Speak by Laurie Halse Anderson

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Speak by Laurie Halse Anderson ISBN: 978-0312674397, Square Fish; Reprint edition (May 10, 2011)

Plot Summary:

Speak relates the story of a young, Melinda Sordino, who was raped while drunk at a party. Melinda dials 911 but then does not say anything. The police bust the party up and Melinda is forced to start her freshman year at high school as an outcast. Unable to tell anyone about what happened to her, she withdraws within herself. Her parents and teachers worry that she is not talking, but assume that she is just trying to get attention. It is not until her former best friend is in danger that Melinda finds the courage to speak.

Critical Evaluation: 

In Speak, Laurie Anderson does an excellent job of getting inside the head of a fourteen year old rape victim. On the outside, Melinda rarely says anything, but on the inside, Melinda is busy reliving the event. The fact that Melinda was drunk at the time that the rape occurred makes the rape more difficult to bear, as she must wonder if she is at all to blame. Melinda’s internal dialogue augments her actions, giving the reader the reason for her actions while other characters within the novel suppose that she is just seeking attention or is just plain creepy. Anderson is also deft at recreating the realities of high school life that include friendships of convenience, that is, friendships that exist merely so that a student does not have to be seen to be alone. Heather’s swift attachment to Melinda and her just as swift discarding of their “friendship” when she finds a better clique to join has the painful ring of truth that many teens will understand.

Information about the author:

Laurie Halse Anderson is a New York Times bestselling author of books for kids of all ages–including Fever 1793ChainsTwisted, and many others. Known for tackling tough subjects with humor and sensitivity, her work has earned numerous national and state awards, as well as international recognition. Two of her books, Speak and Chains, were National Book Award finalists. Anderson was honored with the 2009 Margaret A. Edwards Award given by the YALSA division of the American Library Association for her “significant and lasting contribution to young adult literature.”
 
Anderson was born in Potsdam, New York in 1961. Growing up, she loved reading and listening to family stories. She graduated from Georgetown University in 1984. Before becoming a full-time writer, she was freelance journalist, and then worked part-time at a bookstore to earn money while working on her fiction. Mother of four and wife of one, Laurie lives in northern New York, where she likes to watch the snow fall as she writes.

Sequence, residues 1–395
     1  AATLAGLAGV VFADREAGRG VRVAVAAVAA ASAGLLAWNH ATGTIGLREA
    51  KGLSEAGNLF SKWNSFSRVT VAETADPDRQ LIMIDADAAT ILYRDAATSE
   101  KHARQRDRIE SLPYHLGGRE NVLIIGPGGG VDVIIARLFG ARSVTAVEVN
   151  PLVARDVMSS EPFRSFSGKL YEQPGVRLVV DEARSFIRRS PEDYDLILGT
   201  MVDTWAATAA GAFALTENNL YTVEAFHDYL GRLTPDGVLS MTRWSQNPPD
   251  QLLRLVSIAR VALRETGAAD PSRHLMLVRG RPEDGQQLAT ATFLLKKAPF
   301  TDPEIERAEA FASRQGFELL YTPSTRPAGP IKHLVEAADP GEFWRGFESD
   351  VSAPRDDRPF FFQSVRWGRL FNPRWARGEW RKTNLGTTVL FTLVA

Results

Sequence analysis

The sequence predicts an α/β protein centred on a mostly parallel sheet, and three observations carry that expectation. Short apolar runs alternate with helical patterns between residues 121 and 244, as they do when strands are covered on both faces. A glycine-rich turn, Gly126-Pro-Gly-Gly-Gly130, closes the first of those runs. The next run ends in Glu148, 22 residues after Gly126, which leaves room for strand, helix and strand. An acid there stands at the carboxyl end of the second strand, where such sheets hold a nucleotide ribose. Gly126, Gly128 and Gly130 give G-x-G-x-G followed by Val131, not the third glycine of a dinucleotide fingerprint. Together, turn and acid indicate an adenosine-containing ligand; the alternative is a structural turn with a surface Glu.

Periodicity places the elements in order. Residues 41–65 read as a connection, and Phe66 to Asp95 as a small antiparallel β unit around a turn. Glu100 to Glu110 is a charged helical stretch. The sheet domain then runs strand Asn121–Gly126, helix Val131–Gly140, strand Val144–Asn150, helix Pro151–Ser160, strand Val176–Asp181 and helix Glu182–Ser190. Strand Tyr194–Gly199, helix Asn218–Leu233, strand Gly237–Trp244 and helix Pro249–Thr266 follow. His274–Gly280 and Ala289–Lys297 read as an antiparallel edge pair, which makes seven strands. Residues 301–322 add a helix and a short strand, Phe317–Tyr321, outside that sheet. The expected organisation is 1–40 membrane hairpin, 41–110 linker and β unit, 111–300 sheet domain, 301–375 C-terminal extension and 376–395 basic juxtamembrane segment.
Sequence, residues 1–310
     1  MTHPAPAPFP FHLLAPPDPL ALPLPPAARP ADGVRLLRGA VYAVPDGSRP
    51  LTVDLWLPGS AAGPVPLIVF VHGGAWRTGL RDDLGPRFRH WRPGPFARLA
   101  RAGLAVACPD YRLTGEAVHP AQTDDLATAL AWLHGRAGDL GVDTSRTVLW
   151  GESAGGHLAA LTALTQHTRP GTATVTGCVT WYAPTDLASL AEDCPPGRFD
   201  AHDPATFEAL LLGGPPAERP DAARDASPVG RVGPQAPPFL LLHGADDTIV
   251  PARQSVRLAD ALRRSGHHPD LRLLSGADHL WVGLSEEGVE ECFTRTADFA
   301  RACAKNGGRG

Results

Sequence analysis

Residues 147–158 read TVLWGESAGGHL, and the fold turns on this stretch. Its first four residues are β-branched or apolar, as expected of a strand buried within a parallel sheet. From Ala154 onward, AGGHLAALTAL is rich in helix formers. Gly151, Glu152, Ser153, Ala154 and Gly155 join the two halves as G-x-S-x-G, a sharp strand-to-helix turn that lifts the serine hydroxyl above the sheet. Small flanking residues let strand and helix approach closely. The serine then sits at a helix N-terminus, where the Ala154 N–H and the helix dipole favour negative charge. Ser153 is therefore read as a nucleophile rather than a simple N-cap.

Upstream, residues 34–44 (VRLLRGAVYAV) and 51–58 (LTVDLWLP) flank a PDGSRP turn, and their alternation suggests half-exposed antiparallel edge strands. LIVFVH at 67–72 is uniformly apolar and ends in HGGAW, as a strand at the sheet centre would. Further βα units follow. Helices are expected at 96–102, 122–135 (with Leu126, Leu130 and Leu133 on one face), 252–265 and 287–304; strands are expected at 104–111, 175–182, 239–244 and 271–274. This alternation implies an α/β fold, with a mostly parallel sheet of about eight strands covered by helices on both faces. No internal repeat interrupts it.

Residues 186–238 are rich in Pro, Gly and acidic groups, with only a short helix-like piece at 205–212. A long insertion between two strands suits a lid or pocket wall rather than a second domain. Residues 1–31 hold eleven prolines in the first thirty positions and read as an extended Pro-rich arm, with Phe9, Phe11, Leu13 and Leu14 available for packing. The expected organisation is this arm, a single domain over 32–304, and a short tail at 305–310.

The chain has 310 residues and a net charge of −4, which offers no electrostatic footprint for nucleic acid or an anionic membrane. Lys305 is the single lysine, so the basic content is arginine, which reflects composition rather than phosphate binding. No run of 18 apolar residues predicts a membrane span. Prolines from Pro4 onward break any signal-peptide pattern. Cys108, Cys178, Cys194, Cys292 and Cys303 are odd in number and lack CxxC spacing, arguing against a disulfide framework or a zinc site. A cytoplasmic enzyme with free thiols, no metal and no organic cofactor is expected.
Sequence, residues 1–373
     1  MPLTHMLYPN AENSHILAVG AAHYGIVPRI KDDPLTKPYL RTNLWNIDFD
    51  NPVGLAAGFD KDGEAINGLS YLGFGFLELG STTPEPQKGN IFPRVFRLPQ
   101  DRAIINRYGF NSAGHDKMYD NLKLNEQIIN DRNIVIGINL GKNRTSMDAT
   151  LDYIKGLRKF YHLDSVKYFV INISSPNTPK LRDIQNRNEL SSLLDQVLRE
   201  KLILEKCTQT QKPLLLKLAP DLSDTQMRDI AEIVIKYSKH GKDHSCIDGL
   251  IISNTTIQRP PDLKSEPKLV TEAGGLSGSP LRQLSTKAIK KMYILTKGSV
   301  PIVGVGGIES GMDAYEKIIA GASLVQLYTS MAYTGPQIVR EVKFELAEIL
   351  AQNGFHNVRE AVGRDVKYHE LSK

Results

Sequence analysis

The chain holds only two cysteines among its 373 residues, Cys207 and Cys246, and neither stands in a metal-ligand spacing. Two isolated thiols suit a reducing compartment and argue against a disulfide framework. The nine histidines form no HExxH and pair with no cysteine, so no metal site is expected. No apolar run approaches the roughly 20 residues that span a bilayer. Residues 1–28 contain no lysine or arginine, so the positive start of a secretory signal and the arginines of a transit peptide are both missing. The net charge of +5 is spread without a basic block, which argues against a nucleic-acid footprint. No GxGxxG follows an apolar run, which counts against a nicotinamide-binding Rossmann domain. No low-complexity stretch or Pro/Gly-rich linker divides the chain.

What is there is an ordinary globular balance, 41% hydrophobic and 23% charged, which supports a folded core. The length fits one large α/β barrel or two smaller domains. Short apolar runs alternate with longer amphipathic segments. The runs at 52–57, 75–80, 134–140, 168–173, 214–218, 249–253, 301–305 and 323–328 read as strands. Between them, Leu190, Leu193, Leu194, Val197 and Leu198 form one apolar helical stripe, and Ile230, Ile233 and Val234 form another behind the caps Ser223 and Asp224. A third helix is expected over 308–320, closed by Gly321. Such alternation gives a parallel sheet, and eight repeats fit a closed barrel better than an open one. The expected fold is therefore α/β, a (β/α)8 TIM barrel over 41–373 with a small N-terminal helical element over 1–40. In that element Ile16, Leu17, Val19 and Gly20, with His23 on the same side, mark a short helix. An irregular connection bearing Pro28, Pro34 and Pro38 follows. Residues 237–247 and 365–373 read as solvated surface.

Reader’s Annotation:

Will Grayson and Will Grayson are two completely different boys. Will Grayson has friends, is college bound and does his best to 1. Shut up. 2. Don’t care too much. Will Grayson has no friends that he cares about and is fighting a constant battle to keep from killing himself. They are about to meet on one crazy night that will change both their lives.

Genre:

Realistic Fiction. 

Curriculum Ties:

N/A

Booktalking Ideas:

Can you imagine how it would be if something really bad happened to you but you were unable to talk about it.

Reading Level/Interest Age:

Grades 8 and up

Challenge Issues:

Sexual abuse.

I would make sure that all material was purchased in accordance with my library’s collection development policy and make sure to keep a file containing positive reviews for books that I thought might be challenged. In the event of a challenge, I would actively listen to the parent’s concern and ask if they had read the book. I would then explain why the book had been added to the collection and provide with the reviews and a copy of the collection development policy. I would affirm that they are within their rights to limit what their children read, but that other parents also have the right to determine what their children can read. If all else failed, I would provide the parent with a reconsideration form.

Reasons for inclusion:

This book was a national award book finalist.

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